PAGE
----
2. Confirm the pattern: Once identified, traders need to confirm it by watching for a breakdown below the support level. This confirmation is typically accompanied by high trading volume.
  3. Enter a short position: After confirming the pattern, traders may choose a short position. This involves selling the asset with the expectation that the price will continue to drop.
  4. Set stop loss and take profit orders: To manage risk, traders typically set stop loss orders to limit their losses. They may also set take profit orders to exit the trade when the price reaches a certain level.
  5. Monitor the trade: Traders will need to monitor the trade closely, watching for any signs that the price may reverse direction or that the trade is not going as expected.
  6. Exit the trade: Finally, traders must decide when to exit the trade. This may involve taking profits if the price drops as expected or cutting losses if the price rises above the stop loss level.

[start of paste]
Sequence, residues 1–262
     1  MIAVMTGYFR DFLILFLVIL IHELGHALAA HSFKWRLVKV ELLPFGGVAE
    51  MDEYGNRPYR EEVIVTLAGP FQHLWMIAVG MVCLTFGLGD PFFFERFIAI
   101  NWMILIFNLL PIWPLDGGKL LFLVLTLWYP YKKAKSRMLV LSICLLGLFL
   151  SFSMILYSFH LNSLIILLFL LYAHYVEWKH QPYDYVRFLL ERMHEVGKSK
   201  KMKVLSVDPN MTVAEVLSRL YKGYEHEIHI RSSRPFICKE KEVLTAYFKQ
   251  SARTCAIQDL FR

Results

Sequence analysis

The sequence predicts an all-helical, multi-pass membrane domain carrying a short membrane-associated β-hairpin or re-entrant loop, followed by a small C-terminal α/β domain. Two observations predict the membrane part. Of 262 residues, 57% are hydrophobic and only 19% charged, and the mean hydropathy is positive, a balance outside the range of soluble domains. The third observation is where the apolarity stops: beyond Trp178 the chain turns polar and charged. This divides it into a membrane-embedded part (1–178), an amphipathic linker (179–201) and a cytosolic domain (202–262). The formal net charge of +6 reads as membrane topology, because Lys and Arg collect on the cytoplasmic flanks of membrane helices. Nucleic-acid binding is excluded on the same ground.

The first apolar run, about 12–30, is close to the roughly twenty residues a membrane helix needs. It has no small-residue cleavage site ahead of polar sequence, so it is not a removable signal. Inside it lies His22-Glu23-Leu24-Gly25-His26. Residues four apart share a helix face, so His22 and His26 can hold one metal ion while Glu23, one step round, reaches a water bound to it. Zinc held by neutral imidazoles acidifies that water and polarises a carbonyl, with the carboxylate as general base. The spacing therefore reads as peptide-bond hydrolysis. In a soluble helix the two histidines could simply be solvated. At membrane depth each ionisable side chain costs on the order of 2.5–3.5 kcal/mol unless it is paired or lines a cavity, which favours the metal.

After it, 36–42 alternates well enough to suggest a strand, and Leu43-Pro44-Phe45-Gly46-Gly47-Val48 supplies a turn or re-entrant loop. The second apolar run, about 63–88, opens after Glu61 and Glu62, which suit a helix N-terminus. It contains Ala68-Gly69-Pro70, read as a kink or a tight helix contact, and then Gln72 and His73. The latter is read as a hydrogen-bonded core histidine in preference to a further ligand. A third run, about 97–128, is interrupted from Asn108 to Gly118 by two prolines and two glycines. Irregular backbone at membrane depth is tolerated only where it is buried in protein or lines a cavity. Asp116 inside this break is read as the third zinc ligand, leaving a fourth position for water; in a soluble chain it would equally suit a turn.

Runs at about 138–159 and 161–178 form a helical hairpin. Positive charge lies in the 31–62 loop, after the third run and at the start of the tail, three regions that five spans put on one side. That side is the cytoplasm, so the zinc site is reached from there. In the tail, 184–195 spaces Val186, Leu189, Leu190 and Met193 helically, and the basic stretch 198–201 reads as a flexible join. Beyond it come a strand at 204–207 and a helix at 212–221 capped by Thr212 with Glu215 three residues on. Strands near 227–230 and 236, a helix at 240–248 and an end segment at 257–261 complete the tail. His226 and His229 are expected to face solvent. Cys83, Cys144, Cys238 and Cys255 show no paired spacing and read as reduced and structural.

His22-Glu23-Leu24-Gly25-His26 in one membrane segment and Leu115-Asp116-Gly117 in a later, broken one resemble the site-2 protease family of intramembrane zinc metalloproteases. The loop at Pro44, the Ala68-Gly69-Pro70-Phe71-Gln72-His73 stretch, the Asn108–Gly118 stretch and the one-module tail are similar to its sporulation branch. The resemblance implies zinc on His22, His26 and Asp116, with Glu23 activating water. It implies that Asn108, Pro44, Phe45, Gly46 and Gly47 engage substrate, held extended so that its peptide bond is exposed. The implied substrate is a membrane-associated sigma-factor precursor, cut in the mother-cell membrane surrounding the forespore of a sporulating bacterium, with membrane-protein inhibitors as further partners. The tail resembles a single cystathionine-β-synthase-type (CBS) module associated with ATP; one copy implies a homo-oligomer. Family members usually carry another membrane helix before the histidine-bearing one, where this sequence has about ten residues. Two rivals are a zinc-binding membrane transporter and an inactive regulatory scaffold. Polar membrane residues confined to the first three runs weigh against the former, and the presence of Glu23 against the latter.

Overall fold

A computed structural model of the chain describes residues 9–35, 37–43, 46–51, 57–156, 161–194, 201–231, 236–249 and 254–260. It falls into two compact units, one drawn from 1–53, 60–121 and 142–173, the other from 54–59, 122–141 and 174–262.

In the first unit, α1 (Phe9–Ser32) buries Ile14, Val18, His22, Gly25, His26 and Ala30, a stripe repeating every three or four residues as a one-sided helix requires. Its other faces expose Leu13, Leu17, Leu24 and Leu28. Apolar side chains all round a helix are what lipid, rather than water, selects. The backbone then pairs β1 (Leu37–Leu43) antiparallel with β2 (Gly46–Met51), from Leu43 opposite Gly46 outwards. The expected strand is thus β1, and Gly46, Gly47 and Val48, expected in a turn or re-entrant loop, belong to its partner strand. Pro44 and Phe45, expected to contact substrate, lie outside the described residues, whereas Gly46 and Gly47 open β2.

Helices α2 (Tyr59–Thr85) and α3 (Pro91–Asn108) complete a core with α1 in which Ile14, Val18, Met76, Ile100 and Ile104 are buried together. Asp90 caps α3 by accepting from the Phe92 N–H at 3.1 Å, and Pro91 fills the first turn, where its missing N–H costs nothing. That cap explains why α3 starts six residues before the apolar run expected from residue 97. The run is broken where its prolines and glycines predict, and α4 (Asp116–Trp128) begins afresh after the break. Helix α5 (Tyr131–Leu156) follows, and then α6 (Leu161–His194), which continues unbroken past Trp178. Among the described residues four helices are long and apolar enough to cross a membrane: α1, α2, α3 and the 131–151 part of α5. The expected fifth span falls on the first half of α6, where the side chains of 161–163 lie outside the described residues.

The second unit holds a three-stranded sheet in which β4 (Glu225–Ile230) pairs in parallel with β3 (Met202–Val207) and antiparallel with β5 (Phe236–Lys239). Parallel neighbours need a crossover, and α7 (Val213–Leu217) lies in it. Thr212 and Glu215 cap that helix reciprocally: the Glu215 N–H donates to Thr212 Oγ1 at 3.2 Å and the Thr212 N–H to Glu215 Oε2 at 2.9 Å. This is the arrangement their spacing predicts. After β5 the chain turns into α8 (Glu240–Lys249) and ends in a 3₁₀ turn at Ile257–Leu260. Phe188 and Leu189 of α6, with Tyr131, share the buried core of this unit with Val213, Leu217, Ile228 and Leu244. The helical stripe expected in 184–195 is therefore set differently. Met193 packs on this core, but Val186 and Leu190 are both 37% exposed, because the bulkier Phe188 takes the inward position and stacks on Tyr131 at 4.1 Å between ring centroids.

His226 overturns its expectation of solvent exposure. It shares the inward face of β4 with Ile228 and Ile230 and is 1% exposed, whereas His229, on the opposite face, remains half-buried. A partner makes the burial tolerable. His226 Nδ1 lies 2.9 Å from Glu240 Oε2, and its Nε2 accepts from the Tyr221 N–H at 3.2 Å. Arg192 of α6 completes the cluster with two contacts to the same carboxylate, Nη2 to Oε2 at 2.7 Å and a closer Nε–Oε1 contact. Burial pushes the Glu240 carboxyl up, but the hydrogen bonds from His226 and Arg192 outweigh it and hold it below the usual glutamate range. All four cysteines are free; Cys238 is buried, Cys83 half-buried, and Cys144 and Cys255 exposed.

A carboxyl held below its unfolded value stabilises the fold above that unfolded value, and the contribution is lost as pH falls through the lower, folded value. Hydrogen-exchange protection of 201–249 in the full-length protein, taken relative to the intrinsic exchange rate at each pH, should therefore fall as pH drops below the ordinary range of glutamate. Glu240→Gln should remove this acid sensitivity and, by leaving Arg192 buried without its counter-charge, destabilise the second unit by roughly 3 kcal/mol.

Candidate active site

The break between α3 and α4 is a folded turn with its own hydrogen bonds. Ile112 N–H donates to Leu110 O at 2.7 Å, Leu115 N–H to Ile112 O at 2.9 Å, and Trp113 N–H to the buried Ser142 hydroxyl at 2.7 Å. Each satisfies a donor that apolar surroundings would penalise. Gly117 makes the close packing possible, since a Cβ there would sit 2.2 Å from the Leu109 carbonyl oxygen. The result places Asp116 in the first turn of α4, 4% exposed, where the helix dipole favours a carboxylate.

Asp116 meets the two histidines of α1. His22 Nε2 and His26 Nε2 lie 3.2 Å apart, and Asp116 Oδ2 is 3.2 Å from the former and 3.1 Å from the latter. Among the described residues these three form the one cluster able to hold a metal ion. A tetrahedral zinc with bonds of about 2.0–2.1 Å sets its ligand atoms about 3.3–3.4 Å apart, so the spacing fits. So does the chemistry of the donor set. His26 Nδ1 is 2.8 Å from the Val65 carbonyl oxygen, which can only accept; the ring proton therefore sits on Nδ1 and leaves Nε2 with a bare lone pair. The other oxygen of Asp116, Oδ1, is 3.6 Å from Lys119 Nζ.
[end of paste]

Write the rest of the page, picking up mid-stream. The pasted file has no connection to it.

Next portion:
Examples

Let us understand it through the following examples.

Example #1

Suppose Harry is a trader looking at the price chart of an imaginary stock and notices a descending triangle chart pattern forming. The stock’s price has been making lower highs while the support level remains constant. Harry confirms the pattern when the price breaks below the support level on high trading volume. He enters a short position, sets stop loss, and takes profit orders. He monitors the trade closely and exits the trade when the price reaches your take profit level.

Example #2